Veolia to produce for circular economy

Veolia Environmental Services is to radically transform its approach to business, switching from being a waste management and recycling company to one that manufactures products for the circular economy.

The new strategy is the inspiration of Estelle Brachlianoff, who heads Veolia’s UK business and has the title ‘Veolia Environnement director of northern Europe and UK country director’, who joined the business from Paris almost a year ago.

Estelle Brachlianoff, head of UK and Northern Europe for Veolia Environnement
Estelle Brachlianoff, head of UK and Northern Europe for Veolia Environnement

Under the new strategy, the company will be targeting the production of green calories in terms of energy and product. When this change is achieved, Mrs Brachlianoff believes Veolia won’t be a waste company, we will be a manufacturing company in the circular economy.

“Switching from a traditional approach to waste management and instead focusing on products to specifications, represents a sea change in thinking for Veolia. Management and staff are being briefed on the new direction with focus and delivery for the new strategy now the key words. The strategy and projects have all been presented to 800 managers in regional roadshows so they can understand it and be involved in delivery,” says the UK country director.


Explaining some of the thinking behind the change, Mrs Brachlianoff reflected on her first year of office, where she had faced a lot of surprises, “good and bad” and became aware of the need to move on from the company’s current stage of activities.

“I had in mind that for PFI projects we have already invested £1 billion in seven years and we are committed to investing £1 billion more in those that we have won.

“On PFIs, the position now for Veolia is to deliver on the projects. We are operating already a lot of new facilities. MRFs, ERFs, this is a very good story for the country it has allowed this country to decrease from 85% landfilling to where it is now.”

But, the ‘bad surprise’ she has noticed is on the planning front in terms of difficulties in getting planning permission. “You have in this country, it seems, people who dont want us to invest. Getting planning permission is getting more and more crazy. This is a risk for the country, 32,000 full time jobs have been created, and there is a danger that the difficulties will be driving internal investors away.” Within Veolia, she added, “there is competing demand for investment from countries such as Brazil and China.”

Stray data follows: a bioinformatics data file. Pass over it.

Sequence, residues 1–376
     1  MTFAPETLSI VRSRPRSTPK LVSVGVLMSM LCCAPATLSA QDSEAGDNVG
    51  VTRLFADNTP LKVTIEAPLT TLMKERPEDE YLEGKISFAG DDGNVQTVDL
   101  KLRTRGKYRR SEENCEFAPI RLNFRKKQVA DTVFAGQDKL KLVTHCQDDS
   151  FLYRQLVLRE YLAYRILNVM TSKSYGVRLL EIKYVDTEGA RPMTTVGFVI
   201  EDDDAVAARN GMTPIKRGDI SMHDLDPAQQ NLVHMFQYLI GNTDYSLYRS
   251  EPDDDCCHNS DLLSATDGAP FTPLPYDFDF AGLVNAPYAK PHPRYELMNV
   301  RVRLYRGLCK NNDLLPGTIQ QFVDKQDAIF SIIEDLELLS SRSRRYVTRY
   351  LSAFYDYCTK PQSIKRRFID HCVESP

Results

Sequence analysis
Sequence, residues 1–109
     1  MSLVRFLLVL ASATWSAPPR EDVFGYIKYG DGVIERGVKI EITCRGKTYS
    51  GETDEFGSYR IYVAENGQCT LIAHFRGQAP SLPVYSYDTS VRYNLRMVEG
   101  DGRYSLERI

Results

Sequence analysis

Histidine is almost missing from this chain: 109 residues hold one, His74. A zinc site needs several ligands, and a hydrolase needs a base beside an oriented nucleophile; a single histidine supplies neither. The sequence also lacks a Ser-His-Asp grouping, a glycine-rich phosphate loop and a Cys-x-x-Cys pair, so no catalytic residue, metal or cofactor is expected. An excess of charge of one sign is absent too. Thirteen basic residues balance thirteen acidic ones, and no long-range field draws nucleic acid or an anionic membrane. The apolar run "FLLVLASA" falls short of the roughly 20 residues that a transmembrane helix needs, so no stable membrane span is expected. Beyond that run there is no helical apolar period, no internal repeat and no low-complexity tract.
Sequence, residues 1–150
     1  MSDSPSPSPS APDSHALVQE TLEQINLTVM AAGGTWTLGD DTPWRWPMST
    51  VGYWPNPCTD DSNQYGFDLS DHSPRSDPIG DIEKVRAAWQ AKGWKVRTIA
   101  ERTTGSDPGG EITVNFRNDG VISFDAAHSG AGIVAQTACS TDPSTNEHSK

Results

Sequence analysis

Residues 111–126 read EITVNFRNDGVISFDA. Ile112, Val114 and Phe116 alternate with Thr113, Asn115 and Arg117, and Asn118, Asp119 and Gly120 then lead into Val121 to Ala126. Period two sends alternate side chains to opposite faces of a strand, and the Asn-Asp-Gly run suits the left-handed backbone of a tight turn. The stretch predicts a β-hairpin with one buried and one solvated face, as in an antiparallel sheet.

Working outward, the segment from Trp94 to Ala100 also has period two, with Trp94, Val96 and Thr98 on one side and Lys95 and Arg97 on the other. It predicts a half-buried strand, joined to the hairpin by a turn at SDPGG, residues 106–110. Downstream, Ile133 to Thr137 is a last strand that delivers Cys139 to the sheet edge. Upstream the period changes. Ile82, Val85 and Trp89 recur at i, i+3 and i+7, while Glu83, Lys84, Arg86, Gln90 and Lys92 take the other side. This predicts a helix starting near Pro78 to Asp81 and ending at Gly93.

Moving on to the new strategy, it will see products produced from the materials recovered under PFI contracts, from municipal streams and commercial and industrial waste.

She reasons that with the PFI process ending and the need for a circular economy approach, the new strategy was needed. “The new strategy is about what is going to be next for the country and for Veolia going forward. I have discovered and taken the decision about this, having initially agreed with the top 10 in our team in the UK and then sharing it with our 32,000 employees.”

It is clear though that it is Mrs Brachlianoff herself who is driving the strategy forward with a strong conviction that the product-led approach is the right way to go. She stated: “I have been appointed in the UK with my background and knowledge and am determined to find what the UK needs at the moment. The strategy takes advantage of what I know and the team.”


Explaining the strategy in more detail, she says that the aim for Veolia is basically to become a champion of the circular economy, manufacturing green calories, green products and green compost.

“We want to use waste materials as a mine and to find raw materials. This turns upside down the traditional view of waste that recycling is what we will have to do with it. Instead of looking at how to handle waste, Veolia will focus on what it can manufacture and what material we need to produce the feedstock for those manufacturing units which can use our products.”

Mrs Brachlianoff explained that in her view, the waste industry has been through different periods of development:

  1. Lets get the waste away.
  2. Lets avoid polluting, including, for example, the installation of landfill liners and flue gas treatment.